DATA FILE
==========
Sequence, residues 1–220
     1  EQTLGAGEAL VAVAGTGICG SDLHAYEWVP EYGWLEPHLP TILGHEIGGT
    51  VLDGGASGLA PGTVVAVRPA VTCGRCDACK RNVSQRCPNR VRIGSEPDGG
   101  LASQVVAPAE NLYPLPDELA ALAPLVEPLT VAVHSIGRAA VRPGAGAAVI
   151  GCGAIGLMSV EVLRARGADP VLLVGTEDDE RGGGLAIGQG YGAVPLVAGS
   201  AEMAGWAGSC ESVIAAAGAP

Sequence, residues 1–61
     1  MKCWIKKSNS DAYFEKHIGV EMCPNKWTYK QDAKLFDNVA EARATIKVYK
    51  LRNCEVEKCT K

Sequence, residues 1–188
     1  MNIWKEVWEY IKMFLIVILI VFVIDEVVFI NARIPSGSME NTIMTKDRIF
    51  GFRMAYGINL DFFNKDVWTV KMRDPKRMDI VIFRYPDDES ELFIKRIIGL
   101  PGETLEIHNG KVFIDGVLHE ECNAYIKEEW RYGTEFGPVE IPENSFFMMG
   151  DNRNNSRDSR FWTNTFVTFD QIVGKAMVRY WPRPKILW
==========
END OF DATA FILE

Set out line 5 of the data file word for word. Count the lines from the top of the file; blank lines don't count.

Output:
   151  GCGAIGLMSV EVLRARGADP VLLVGTEDDE RGGGLAIGQG YGAVPLVAGS